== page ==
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The human operator, the least reliable element of an aerodyne, but the most essential...!
Frank Caron (1991)

Last update:
26 September 2016

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vocational training

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Frank's LinkedIn page

Human Factors

Human Factors still the current challenge of the aviation industry

Following the numerous unexplainable or non-technical accidents during the 70s the aviation industry reacted with a new solution: the CRM training course (for Cockpit Resources Management).
This CRM training opened a new era with a singular approach and new vocabulary regarding safety, through the new light of human (or operator) behavior..

Consequently, it introduced a lot of changes in culture, spirit, behavior, management, training, etc.

But the non-technical accidents did not cease during the 80s. The CRM concept did receive a new acronym: Crew Resources Management. Instead of the sole cockpit crew, CRM was expanding to cabin crew.

Because the still same accidents in the 90s, the concept did evolved to Company Resources Management, including this time the company departments involved in operations. The fact is a lot of airlines still have to implement this change.

During this same decade have appeared a certain infatuation for human factors as the industry was discovering something new. In order to give more sense to this, two other important aviation organisations moved to develop their own CRM:

  1. The Air Traffic Control with the TRM (Traffic Resources Management),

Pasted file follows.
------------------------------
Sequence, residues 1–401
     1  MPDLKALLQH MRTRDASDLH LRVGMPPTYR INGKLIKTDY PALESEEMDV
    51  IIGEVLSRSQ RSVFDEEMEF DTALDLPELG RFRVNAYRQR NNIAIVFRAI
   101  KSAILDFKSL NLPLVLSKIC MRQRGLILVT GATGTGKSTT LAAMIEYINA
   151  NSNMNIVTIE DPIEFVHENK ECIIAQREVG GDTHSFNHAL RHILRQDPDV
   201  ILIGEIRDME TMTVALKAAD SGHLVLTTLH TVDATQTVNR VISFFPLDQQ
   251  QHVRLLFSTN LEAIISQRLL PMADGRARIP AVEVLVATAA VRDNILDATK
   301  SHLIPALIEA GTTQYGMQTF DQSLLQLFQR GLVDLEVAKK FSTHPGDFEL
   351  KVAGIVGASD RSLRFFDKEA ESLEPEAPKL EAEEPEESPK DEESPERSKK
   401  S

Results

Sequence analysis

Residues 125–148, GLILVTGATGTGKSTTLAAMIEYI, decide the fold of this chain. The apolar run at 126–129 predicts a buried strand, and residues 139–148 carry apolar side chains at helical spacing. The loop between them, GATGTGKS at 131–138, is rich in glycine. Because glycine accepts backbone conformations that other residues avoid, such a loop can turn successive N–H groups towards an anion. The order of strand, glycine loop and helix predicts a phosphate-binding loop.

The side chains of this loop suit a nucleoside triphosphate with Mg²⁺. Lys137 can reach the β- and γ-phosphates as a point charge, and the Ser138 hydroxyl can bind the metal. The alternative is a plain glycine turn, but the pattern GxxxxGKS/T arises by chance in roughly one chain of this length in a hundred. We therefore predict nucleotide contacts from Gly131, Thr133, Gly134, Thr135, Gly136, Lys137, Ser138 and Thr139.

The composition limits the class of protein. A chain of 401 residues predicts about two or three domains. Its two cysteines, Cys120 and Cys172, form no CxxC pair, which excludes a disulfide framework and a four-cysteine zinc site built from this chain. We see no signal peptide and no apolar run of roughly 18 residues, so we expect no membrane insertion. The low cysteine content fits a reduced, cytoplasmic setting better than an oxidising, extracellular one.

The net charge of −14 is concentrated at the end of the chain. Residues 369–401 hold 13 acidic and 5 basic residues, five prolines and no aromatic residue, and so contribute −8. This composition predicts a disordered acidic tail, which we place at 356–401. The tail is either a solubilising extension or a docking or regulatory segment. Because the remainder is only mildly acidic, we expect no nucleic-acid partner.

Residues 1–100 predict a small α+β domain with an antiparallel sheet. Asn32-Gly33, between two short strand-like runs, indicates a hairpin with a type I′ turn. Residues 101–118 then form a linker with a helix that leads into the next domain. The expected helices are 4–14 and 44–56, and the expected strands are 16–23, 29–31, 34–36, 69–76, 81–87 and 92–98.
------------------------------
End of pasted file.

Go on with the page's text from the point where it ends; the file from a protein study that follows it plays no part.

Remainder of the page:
2. The maintenance organisations with the MRM (Maintenance Resources Management).

Today these three trainings (CRM, TRM, MRM) are required by the regulatory authorities in certain countries that invest in the aviation safety.

Nevertheless, a lot of countries are still far to implement these trainings as a standard in their aviation industry.

Despite these big forward changes, more has still to be done, at least for the following reasons:

  1. We still have to learn in this area. Nothing is definitely graved especially regarding safety and human behavior
  2. The human factors are still the common point between the nowadays accidents and those during the 70's.
  3. The ONLY reason for these mishaps today is because the human being is at every level of any system, at every stage of every process.

Therefore, a full efficient CRM is far to be reached... The current (aviation) industry appears to be a highly complex system, involving different organisations (manufacturer, state authorities, airline, maintenance, airport, ATC, numerous other service providers as cleaning, fueller, etc.). If it is essential every organisation develop its own CRM training, these organisations must also work together inside this highly complex system. And here, everything has to be done.

Human Factors are not a complementary science but the human behavior frame for the daily operations.

Now bear in mind that CRM is nothing more than the practical aspects of The Human Factors. Since the early CRM and its vocabulary were focused on behavior, there is no doubt the Human Factors era started in the 70's...

The approach we have about the Human Factors must be expanded in order to obtain a deeper and closer understanding of the industry mishaps.

This new approach must be offered to the protagonists, mainly through education and training courses.

Therefore the objective of this page is to suggest different directions to approach safety in a different but more global and complete way.

The links below propose these suggestions.

quick links

5 steps to convince about safety

Why air safety improvement is too slow (organisation)?

Why air safety improvement is too slow (culture)?

Why training is the main solution to human factors issues

Human factors still the current challenge of the industry

No limits for the understanding of human factors

Suggestions for a discipline committee

Too long briefings

Current CRM have reach its limits

Aviation safety international legal definitions

Two statements about fatigue every manager must know